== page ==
Are you closing the stream? The interpreter may not fill in the memory array until the stream closes. (At that point it also fills in the streamcount pair of words, which may also be helpful for you.)

Your sample code has a glk_stream_close() call but it’s in the Establish function so I’m not sure if it’s in the right place.

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Yeah, it’s deliberate that you can’t do this. It seemed (to me) that the game could keep track of what it wanted; relying on the implementation’s memory seemed like an unnecessary source of bugs.

(The idea of the cursor position is not as straightforward as you might think. Specifying what happens after a line-wrap or a window resize is a headache. If the game was able to query this, it would mean writing all of that behavior up in the spec, and I really didn’t want to.)

(EDIT: Zed already said this better…)

By far the most sensible behavior for the game is to redraw the whole status window every turn. The next most sensible behavior is to be fussy about which parts to redraw every turn, but still redraw the whole thing every time the window is resized. :)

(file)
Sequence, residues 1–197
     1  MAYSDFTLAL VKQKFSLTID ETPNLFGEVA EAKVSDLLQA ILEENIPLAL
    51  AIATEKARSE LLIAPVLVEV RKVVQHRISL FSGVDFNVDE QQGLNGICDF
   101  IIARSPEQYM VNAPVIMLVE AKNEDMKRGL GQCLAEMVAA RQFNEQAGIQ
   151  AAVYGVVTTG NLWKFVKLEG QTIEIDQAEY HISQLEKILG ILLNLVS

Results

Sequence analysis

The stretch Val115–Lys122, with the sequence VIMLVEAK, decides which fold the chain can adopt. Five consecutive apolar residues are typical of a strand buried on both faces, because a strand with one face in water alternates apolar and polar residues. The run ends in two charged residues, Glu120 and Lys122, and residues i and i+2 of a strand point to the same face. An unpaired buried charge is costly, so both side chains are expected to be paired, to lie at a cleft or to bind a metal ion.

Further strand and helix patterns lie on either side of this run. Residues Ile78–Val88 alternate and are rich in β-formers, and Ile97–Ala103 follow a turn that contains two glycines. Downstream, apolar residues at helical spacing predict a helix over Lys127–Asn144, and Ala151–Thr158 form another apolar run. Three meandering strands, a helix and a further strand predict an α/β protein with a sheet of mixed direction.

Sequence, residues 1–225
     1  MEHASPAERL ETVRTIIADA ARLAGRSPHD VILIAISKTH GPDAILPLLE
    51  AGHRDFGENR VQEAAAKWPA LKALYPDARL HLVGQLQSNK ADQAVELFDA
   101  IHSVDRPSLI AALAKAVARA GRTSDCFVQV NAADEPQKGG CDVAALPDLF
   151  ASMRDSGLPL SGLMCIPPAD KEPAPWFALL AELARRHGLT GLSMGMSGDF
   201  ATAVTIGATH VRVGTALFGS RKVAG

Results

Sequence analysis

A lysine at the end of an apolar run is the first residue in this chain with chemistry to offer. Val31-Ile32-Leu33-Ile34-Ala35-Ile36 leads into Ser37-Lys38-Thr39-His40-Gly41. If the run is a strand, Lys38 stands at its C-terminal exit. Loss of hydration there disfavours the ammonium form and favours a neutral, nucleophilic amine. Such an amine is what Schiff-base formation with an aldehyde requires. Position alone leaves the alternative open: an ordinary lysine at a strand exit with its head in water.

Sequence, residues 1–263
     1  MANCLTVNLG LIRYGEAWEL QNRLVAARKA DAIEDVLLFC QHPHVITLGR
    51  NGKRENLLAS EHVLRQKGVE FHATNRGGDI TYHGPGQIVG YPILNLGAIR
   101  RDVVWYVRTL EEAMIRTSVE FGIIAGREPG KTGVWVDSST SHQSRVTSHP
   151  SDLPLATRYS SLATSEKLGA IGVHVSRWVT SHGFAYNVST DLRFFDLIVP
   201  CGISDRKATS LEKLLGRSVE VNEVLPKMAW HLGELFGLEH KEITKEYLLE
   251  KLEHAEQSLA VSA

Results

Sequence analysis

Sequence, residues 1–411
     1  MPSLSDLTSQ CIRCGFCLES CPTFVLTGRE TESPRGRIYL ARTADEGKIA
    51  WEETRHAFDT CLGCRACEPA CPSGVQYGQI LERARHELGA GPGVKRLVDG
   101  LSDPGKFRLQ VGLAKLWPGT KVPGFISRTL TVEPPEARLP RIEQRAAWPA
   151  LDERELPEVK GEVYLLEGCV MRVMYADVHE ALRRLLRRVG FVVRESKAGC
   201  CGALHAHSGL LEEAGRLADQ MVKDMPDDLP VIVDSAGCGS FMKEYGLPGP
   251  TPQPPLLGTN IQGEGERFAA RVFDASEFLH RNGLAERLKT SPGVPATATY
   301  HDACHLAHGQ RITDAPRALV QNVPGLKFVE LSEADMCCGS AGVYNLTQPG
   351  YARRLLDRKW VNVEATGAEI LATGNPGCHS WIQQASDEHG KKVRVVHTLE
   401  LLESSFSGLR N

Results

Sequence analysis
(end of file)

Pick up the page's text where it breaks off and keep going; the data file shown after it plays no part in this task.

For what it’s worth, it’s not just git that does the fill-in-on-close thing. If I recall correctly, my C implementations handle 8-bit memory streams in place (in VM memory) but 32-bit (Unicode) memory streams are not handled in place. (They may have to be stored endian-flipped, so it’s easier to keep a separate array of ints and store it back at close time.)

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That’s the root cause. If the stream is closed, then the expected values are there. And the spec does say that not putting them there until the stream is closed is valid:

Whether reading or writing, the contents of the buffer are undefined until the stream is closed. The library may store the data there as it is written, or deposit it all in a lump when the stream is closed.